On June 24, the Journal of the American Medical Association (JAMA) released a report on the Women’s Health Initiative Memory Study of Younger Women (WHIMSY) in the JAMA Network publication JAMA Internal Medicine.

This study is of particular interest because hormone therapy caused significant deficits in cognitive functioning in women aged 65 and older, as documented in the Women’s Health Initiative Memory Study (WHIMS). The “Timing Hypothesis” proposes that, despite the serious risks of hormone therapy demonstrated in the Women’s Health Initiative (WHI) research, therapy with conjugated equine estrogens can benefit women when it is started during the menopausal transition and in early menopause. Last year, a position paper endorsed by 14 medical societies made that claim (Stuenkel, et al, 2012).

Why would so many in the medical profession continue to prescribe hormone therapy, and to believe that hormone therapy is beneficial, in the face of powerful evidence that the risks of such therapy far outweigh the benefits? Probably several reasons:

1) Few other therapies are as effective in relieving women who suffer from distressing symptoms during and after the menopausal transition.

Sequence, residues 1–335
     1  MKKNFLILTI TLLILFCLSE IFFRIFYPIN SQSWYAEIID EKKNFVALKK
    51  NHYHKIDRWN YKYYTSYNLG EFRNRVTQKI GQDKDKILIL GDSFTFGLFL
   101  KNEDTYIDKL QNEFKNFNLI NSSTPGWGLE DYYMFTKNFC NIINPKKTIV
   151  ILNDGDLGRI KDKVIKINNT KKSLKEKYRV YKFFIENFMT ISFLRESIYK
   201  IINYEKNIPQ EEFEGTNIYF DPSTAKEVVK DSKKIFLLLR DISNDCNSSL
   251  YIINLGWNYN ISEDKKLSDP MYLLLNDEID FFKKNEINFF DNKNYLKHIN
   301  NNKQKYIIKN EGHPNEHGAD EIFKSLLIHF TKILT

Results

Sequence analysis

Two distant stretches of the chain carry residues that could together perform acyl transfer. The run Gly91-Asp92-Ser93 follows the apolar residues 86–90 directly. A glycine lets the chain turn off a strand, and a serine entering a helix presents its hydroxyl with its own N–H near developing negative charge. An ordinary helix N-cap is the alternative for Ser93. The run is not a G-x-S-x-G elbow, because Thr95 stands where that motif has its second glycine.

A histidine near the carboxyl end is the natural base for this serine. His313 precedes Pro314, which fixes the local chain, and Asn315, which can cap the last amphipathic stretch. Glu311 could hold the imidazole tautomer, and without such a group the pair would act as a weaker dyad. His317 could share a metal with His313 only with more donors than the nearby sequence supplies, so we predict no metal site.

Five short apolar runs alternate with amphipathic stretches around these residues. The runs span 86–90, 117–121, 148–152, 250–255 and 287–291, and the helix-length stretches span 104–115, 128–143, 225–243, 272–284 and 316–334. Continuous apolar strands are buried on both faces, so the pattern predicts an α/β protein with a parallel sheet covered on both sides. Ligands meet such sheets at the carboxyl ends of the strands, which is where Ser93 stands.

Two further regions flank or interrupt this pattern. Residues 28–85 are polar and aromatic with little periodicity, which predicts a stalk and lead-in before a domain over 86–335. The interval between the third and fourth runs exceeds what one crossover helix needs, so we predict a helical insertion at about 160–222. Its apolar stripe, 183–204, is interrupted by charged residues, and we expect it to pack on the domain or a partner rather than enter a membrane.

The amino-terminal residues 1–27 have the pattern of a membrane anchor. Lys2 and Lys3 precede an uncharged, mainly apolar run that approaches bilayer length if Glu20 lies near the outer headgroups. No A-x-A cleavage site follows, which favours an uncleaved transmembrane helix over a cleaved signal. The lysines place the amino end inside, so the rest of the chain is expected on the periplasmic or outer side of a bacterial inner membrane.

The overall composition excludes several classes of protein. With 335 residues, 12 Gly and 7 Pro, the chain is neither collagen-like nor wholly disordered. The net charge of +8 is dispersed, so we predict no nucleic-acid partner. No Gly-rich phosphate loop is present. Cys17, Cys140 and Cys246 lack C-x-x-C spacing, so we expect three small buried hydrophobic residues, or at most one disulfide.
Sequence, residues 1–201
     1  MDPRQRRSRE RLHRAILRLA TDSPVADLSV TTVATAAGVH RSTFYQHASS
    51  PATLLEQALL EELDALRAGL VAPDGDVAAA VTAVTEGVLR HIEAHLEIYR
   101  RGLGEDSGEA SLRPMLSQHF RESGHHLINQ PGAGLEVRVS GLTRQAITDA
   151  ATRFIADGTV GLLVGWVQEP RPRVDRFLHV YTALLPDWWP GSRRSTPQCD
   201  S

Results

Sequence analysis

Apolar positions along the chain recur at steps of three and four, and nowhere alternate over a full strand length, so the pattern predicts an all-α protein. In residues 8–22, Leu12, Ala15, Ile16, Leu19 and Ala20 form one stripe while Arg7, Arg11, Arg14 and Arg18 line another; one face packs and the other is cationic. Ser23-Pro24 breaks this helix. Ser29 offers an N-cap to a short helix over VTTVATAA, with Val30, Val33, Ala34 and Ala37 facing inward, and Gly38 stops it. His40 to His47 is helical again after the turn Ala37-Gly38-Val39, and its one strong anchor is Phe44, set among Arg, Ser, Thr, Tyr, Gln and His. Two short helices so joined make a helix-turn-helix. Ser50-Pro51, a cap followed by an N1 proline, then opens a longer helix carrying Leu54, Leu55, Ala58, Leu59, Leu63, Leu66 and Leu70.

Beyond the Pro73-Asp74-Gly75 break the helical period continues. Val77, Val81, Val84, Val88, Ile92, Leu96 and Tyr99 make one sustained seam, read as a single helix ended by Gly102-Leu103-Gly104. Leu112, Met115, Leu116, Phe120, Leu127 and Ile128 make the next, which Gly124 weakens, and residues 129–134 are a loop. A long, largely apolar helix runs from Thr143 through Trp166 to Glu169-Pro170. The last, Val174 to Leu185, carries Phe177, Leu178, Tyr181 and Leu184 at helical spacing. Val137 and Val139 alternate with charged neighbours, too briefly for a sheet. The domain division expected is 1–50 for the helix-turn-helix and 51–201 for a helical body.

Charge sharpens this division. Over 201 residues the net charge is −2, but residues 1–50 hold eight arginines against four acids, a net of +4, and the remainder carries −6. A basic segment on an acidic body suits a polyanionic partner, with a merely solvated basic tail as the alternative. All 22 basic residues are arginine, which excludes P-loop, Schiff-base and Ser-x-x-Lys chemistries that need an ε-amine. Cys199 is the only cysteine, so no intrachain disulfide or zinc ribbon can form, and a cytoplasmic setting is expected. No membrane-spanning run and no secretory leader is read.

2) Animal and laboratory studies strongly support a positive role for estrogen in cognitive function.

3) The pharmaceutical industry wields tremendous power, and provides financial support to most of the medical societies and research studies in this area.

 It is, as the authors state, “reassuring” that this latest WHIMSY study found neither increased risk nor increased benefit in cognitive assessments an average of 7 years after the study was halted, among the 1,272 participants in the WHI who were 50 to 55 years old when the hormonal therapy was started. However, the lack of cognitive benefit makes one wonder why women would want to risk the serious consequences associated with hormone therapy.

Advocates for women’s health must continue to challenge the ethical and scientific basis for medical practices that can potentially be harmful to women. We need to support research on the mechanisms underlying the effects of hormones on women’s bodies, but also on the sociopolitical forces influencing medical practice.


Stuenkel, Cynthia A., Margery L. S. Gass, JoAnn E. Manson, Rogerio A. Lobo, Lubna Pal, Robert W. Rebar, and Janet E. Hall. “A decade after the Women’s Health Initiative—the experts do agree.” Menopause: The Journal of the North American Menopause Society 19.8 (2012): 846–847.

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